Climate change, in other words, is already both real and irreversible; and the only question is whether we can limit it to a scale that will enable our civilisation to cope, and to survive.

Yet what was striking about Kerry’s speech was the extent to which he succeeded in combining a sobering and frightening reality check on the scale of the problem, with a serious and optimistic practical determination to move the international community onto the emergency footing that will be necessary, if the challenge is to be met.

Most of the brief broadcast news reports on Kerry’s speech somehow succeeded in suggesting that his main purpose was to attack China – now the world’s largest carbon emitter – for not committing to a faster reduction in its own carbon footprint.

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In fact, though, the position he was taking was almost the reverse; as he fully acknowledged the US’s role and obligations as by far the world’s greatest historic carbon emitter, and signalled that whatever the US’s problems with China might be, the world has now passed the point where anyone can afford to pick and choose which allies they will include in climate agreements, or under what conditions they will join them.

Just as Britain and the United States allied with the USSR to defeat Nazism, so strong co-operation with China will be necessary to avert catastrophic climate change, as will serious climate action from developing countries who arguably have done little or nothing to cause the crisis; and any countries or individuals who still think they can still play diplomatic games of “not fair” and “not if he’s playing” around the climate issue, are simply failing the coming generations, with catastrophic consequences.

What Kerry is trying to do, in other words, is to form a decisive alliance between his generation, with their positive memories of postwar recovery and successful institution-building, and the teenage “school strike” generation who – with rage and despair – truly grasp the urgency of the emergency.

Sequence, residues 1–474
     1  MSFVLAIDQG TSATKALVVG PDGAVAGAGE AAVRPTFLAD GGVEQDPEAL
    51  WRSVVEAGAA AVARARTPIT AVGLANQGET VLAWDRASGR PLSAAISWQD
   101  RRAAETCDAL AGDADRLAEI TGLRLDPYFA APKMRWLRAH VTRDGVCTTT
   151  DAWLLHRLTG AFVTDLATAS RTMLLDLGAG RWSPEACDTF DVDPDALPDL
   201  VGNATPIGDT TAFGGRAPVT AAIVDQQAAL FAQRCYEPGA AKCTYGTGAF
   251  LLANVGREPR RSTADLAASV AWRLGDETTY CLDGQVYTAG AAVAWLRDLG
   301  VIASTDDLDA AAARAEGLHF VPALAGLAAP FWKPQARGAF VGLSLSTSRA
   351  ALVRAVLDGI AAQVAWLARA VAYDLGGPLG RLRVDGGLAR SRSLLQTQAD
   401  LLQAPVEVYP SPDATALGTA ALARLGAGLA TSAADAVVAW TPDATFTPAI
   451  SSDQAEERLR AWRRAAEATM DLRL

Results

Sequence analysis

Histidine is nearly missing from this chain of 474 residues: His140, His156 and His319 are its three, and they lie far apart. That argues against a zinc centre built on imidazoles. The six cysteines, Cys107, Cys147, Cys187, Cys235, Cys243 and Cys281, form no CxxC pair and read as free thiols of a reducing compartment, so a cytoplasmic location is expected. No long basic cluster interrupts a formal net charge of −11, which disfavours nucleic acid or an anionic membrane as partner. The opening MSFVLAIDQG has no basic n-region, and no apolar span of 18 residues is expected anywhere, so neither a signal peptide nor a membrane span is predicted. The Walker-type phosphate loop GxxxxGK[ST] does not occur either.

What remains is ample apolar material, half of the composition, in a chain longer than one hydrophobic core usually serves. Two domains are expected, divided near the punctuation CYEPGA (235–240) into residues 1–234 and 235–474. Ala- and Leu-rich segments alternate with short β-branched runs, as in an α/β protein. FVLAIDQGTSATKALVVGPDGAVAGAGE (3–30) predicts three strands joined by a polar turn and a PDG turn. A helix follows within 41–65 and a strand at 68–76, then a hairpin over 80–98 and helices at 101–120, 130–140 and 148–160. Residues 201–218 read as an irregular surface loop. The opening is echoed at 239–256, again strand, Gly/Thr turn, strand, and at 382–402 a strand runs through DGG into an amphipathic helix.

Kerry frames the crisis as a test of the capacity of our institutions, and expresses his faith that they can rise to the challenge, if they choose. Above all, he recognises the optimistic truth that most of the technology we need to end carbon emissions by 2050 already exists, and is rapidly evolving; and he sees the scale of the opportunity for green investment, development and employment that the transition could create, once all the forces of government, commerce, and wider society swing their support behind it.

Once, decades ago, the British writer Ian McEwan posed the question, “Shall there be womanly times, or shall we die?”, suggesting that aggressive and hyper-competitive male behaviour was driving the world towards destruction.

Joe Biden in the White House, though, and John Kerry as his climate envoy, seem to be seeking to show that grandfatherly times can also have their uses; and that old men who remember the lessons of the past, and who care deeply for the future of their children and grandchildren rather than wanting to tear the world down with them as they go, may finally be the ones to galvanise the world into action on the defining crisis of our time, where all else – so far – has failed.